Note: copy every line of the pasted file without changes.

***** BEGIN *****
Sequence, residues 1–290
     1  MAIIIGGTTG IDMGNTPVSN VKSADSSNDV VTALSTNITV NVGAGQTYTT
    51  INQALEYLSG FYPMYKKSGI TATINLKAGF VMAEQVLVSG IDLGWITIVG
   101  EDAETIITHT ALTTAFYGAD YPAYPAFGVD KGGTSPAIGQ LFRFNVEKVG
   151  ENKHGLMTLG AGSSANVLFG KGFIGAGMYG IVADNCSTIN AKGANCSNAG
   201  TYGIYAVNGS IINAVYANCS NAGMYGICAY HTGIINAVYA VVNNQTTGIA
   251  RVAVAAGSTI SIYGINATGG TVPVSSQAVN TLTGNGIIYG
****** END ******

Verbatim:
Sequence, residues 1–290
     1  MAIIIGGTTG IDMGNTPVSN VKSADSSNDV VTALSTNITV NVGAGQTYTT
    51  INQALEYLSG FYPMYKKSGI TATINLKAGF VMAEQVLVSG IDLGWITIVG
   101  EDAETIITHT ALTTAFYGAD YPAYPAFGVD KGGTSPAIGQ LFRFNVEKVG
   151  ENKHGLMTLG AGSSANVLFG KGFIGAGMYG IVADNCSTIN AKGANCSNAG
   201  TYGIYAVNGS IINAVYANCS NAGMYGICAY HTGIINAVYA VVNNQTTGIA
   251  RVAVAAGSTI SIYGINATGG TVPVSSQAVN TLTGNGIIYG